According to an earlier translated report from the Wuhan Municipal Health Commission: "Experts advise that the town is currently in the winter and spring season of a high incidence of infectious diseases. Citizens should be careful to maintain indoor air circulation, avoid closed and airless public places and crowded places, and wear masks if necessary. "Sud says the investigation for the outbreak in China is very early on.
"It seems to be a coronavirus, but it takes more time to grasp it entirely," Sud said. "Every infection anywhere in the world is always a danger for every country because international travel has become so easy now." He adds that is why early detection and quarantine are essential steps to avoid such infections from spreading.
Thr Infection spreads quickly, no cure available According to the South, human coronaviruses transmit most commonly from an infected person to others via

• air by coughing and sneezing

• close personal contact, such as rubbing or shaking hands

• touching an item or surface with the virus on it, then touching your mouth, nose, or eyes before washing your hands. Infection can happen at any time of the year.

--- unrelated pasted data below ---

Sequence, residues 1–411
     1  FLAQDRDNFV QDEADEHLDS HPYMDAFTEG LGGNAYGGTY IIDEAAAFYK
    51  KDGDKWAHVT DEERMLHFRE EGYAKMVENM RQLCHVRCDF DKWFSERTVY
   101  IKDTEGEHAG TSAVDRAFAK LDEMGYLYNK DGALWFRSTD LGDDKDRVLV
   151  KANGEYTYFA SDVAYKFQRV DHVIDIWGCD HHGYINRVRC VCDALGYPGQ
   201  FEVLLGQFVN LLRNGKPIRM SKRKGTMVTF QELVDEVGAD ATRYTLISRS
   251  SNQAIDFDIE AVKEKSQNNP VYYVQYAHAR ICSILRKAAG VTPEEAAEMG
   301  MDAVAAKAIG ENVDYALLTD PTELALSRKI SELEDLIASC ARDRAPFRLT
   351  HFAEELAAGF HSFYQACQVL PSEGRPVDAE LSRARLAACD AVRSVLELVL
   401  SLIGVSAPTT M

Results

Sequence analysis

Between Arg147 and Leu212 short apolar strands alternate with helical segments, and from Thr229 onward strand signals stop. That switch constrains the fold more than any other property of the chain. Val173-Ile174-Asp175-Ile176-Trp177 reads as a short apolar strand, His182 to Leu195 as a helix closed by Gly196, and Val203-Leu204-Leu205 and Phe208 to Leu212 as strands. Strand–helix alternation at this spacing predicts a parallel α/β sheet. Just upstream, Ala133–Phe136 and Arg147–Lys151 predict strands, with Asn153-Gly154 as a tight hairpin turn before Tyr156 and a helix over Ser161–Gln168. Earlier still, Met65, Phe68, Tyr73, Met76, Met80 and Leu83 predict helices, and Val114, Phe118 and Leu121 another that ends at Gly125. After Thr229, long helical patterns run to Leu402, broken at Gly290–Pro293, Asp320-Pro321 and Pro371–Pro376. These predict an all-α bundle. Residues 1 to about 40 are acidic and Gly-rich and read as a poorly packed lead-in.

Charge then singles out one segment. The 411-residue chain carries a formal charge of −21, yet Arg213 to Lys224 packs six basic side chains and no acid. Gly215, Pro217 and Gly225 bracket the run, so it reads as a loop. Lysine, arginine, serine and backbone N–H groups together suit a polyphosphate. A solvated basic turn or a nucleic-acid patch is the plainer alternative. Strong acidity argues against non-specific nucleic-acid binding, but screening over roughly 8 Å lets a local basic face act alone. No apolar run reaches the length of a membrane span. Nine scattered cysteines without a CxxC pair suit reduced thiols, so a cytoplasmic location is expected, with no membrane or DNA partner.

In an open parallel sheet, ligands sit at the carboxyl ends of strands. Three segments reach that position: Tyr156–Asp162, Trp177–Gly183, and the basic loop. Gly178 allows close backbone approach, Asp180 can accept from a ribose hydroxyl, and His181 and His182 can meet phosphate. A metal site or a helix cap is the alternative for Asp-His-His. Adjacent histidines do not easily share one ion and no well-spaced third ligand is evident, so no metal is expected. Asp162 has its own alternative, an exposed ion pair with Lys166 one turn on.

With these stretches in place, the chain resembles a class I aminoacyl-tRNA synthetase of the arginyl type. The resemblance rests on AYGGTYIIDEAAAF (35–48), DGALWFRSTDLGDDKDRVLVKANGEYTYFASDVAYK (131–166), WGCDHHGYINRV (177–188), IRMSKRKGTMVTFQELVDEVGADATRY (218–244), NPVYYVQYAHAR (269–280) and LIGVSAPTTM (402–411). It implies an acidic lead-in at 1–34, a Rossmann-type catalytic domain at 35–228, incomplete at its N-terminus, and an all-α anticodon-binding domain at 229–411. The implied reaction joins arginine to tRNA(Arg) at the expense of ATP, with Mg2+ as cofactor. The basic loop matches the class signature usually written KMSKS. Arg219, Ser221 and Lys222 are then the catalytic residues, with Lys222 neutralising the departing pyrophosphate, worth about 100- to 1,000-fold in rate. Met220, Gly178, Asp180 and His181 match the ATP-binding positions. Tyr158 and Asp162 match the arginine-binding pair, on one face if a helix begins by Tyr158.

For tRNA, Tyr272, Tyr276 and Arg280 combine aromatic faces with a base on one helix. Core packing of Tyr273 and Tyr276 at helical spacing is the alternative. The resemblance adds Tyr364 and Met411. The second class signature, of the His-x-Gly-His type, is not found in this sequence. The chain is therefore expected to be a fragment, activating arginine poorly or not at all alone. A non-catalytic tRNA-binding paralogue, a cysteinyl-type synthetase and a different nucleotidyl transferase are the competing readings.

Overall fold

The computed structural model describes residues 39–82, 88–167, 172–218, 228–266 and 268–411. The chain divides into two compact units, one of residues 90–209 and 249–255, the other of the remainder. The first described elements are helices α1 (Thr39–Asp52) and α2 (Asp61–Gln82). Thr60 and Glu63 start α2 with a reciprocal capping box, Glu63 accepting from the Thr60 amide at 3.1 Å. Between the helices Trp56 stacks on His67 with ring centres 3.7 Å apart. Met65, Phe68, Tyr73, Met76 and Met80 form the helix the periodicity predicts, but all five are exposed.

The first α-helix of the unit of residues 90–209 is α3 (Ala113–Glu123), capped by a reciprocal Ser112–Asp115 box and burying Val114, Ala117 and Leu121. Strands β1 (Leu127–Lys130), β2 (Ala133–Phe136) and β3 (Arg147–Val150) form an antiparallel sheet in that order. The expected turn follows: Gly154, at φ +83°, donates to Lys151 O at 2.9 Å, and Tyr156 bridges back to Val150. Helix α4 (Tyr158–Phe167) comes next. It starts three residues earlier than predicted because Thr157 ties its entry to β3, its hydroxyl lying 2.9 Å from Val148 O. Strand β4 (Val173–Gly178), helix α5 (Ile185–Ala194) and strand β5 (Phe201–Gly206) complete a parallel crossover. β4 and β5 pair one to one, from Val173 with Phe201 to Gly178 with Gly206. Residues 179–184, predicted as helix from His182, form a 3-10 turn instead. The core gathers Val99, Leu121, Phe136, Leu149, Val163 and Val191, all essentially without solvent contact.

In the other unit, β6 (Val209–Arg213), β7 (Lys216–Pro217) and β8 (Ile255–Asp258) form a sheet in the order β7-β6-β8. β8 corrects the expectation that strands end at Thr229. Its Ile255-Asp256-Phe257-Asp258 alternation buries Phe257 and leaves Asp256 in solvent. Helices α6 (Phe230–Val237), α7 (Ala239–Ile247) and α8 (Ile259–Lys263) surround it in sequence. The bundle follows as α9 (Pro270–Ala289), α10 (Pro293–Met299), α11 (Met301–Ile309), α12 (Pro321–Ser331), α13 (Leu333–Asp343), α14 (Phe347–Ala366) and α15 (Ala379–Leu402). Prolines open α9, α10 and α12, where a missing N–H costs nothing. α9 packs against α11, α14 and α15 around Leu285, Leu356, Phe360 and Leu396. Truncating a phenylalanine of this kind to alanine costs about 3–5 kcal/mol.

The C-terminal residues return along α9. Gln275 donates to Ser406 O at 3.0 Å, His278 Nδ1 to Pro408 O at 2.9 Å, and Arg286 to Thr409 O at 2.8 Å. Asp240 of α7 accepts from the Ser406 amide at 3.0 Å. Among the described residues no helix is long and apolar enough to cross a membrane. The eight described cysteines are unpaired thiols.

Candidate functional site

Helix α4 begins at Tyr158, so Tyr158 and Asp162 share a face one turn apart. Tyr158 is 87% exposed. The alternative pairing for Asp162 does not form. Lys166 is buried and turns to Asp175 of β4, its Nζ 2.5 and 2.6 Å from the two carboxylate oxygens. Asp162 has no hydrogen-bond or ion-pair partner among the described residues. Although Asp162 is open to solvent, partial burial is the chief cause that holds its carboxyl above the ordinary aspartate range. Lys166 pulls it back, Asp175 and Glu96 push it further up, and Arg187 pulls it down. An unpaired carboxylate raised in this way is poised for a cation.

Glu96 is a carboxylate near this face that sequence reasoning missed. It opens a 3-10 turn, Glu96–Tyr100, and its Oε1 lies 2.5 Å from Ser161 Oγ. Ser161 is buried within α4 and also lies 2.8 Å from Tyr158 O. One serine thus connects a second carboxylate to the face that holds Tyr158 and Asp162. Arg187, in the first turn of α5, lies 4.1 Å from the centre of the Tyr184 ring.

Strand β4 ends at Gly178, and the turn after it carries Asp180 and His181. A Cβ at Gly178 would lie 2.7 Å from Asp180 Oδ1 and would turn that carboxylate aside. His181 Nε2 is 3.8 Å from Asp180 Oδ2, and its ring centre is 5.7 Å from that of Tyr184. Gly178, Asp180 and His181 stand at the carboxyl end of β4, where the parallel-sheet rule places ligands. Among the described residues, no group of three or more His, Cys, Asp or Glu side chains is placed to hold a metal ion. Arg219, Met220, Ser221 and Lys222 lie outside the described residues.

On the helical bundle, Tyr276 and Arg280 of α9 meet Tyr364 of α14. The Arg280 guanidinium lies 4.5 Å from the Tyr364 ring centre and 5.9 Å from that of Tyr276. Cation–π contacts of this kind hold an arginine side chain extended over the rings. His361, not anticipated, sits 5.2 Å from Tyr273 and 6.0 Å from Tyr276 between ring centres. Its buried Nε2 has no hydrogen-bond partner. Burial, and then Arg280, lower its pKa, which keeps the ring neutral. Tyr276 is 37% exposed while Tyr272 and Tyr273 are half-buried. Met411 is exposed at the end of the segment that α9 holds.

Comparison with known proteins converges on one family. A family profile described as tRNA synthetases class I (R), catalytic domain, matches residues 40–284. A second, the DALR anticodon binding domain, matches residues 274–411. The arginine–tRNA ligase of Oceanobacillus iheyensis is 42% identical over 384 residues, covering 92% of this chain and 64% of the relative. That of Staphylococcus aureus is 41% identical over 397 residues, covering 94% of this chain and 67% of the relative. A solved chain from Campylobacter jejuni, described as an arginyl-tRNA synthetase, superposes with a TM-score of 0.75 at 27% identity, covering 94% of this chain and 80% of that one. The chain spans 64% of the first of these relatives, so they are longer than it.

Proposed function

Sud also points out that both SARS and MERS infections arose from animal-to-human contact, with SARS most likely due to bats contact and MERS due to camel interaction.
"Since the infection-causing organism is a virus, we have no specific antiviral medicines to date," Sud said.
Bottom line Chinese authorities have identified a respiratory disease outbreak. Today, due to the outbreak, the CDC issued a level 3 warning, notifying travellers that they should avoid non-essential trips to the area.
Research has revealed that the infection causes a coronavirus, a common type of virus that can also induce the common cold.
Doctors stress that there are no treatments available since a virus triggers the illness, and the infection can only run its course.